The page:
Working Capital

London offers the best of what can be expected of any European capital: excellent galleries and museums, fantastic bars and clubs - and a top quality education. It's difficult to resist the pull of London when making your choice of where to study abroad, so Jan Majdecki opted for it. Here he describes briefly how to get into a British university. But be warned: it doesn't come cheap!

Bloomsday - a day like no other

Dublin and the Irish diaspora celebrate 16th June in honour of James Joyce, his masterpiece Ulysses and its most famous hero, one Leopold Bloom... It's an excuse for grub and a trip to the pub.

A Little Dose of Truth

>A Polish student living in America, Katarzyna Jelonek-Allen, gives our World of English readers an insight into the realities of American university life. Pay attention (before you pay the fees!)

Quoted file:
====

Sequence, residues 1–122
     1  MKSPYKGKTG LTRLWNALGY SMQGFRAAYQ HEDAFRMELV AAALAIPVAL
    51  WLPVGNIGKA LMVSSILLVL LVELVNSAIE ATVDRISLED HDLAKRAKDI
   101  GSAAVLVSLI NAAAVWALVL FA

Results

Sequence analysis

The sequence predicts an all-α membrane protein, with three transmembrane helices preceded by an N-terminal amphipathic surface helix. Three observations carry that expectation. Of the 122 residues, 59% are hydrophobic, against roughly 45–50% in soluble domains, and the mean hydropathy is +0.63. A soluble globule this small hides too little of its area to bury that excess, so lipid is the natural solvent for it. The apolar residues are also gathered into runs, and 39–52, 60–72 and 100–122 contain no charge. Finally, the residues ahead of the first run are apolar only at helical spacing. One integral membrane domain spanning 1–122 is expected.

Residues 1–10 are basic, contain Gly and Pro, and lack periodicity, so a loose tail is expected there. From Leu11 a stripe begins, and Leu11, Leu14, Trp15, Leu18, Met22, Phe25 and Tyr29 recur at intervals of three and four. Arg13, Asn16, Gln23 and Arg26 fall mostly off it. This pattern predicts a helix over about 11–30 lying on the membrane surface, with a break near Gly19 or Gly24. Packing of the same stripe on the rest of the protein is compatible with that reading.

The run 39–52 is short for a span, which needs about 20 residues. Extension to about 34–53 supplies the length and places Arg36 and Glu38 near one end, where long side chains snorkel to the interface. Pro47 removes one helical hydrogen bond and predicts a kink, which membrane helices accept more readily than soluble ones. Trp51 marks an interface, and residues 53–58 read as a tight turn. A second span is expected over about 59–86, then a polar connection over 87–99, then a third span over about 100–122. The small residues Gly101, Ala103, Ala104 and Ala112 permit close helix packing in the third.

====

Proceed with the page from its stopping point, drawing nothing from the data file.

Bleak Tragedy

It's been a tough year for Blair's Britain, especially in the English Lakes, where the tourist industry, the farmers and the sheep alike have had little say in their survival.

England may be famous for its beautiful seashores and undulating hills, but it is not that well known for its mountains. Indeed, the country's highest mountain, Scafell Pike, in the scenic northern Lake District in the county of Cumbria, is only 3,184 feet (978 metres) high - probably not very impressive to anyone from the Alps or Carpathians.

To a Certain Degree